New England Extension Sustainable Agriculture Training Program

1995 Annual Report for ENE95-008

Project Type: Professional Development Program
Funds awarded in 1995: $119,613.00
Projected End Date: 12/31/1997
Matching Non-Federal Funds: $18,113.00
Region: Northeast
State: Vermont
Project Leader:
Kate Duesterberg
Center for Sustainable Agriculture, University of Vermont

New England Extension Sustainable Agriculture Training Program


The long-term goal of the New England training project is to increase the ability of the extension system and other federal and state agencies (Natural Resources Conservation Service/NRCS, Farm Services Agency/FSA, state departments of agriculture) and farmers in the six New England states to develop and maintain sustainable agriculture, protect the natural environment, and strengthen rural communities. Specific objectives to meet this goal are to:

1. Establish more effective networks among farmers, extension and other agency personnel for teaching, and planning and conducting research;
2. Increase knowledge about sustainable agriculture and about specific sustainable farming techniques and whole farm systems analysis;
3. Identify information needs of farmers in New England and develop educational materials and further training and educational programs; and
4. Develop skills to address complex community issues relating to agriculture and to increase awareness among community members about the importance of maintaining New England’s agricultural base.

Results to Date
This project was funded as a continuation of a New England-wide effort which began in spring 1994. A regional planning committee had been organized to conceptualize the project, which included representatives from the six New England Extension Systems and from sustainable farming organizations. The committee spent over a year planning a regional conference, including a pre-conference training for study circle facilitators. The conference took place in March of 1995 and more than 250 attended, among them Extension, NRCS, and other agency personnel and farmers.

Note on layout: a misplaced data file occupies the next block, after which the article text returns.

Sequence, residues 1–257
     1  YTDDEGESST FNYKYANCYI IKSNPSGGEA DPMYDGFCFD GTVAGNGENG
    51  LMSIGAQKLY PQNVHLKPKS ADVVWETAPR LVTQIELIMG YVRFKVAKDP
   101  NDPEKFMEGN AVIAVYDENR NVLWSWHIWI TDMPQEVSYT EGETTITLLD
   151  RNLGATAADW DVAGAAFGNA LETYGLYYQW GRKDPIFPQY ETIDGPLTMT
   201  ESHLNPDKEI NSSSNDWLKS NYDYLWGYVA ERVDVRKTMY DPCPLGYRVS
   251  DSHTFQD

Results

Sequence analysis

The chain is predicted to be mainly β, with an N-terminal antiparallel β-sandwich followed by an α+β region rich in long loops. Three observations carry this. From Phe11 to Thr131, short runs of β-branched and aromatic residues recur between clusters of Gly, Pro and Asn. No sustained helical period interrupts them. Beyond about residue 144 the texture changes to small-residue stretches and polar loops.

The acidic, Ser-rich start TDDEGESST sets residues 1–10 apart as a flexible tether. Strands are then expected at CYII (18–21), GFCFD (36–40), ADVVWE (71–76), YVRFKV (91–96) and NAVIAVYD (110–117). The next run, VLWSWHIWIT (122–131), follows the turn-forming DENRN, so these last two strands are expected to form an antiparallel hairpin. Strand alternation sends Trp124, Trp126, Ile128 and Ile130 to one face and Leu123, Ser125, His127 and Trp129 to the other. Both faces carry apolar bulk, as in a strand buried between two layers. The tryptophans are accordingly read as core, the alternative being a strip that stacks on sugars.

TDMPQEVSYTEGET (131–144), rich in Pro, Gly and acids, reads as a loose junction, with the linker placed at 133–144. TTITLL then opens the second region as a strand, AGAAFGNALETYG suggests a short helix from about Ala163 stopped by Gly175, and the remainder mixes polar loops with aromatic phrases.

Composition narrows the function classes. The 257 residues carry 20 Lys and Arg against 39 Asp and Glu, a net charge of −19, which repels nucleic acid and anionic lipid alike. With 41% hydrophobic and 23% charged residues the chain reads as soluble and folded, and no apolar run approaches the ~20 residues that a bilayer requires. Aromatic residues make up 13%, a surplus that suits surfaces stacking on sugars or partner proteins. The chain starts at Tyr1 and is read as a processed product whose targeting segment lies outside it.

Follow-up activities included two sub-regional training workshops on whole farm planning and decision-making.

From the beginning, the project’s focus has been twofold: a) increasing the level of understanding among agency personnel about sustainable production techniques; and b) acquiring participatory learning and research skills so that agencies and farmers can work more cooperatively together. The committee believes that for extension and other agencies to meaningfully promote sustainable agriculture, there must be increased understanding of the concept of agriculture as a complex biological, economic and social system. Staff members of these publicly funded agencies need to be working with farmers as co-learners and as agents of change. Establishing participatory, co-learning partnerships with farmers who have adopted sustainable systems is one way of addressing this challenge.

Over the past year and a half, the project has organized three regional farm tours and one New England-wide training on Participatory Research & Education and has developed several fact sheets intended for regional audiences.
Reported December 1997.


Karen Duesterburg

Univ. of VT
S. Herbert

Univ. of MA
R. Libby

ME Organic Farmers and Growers Assoc.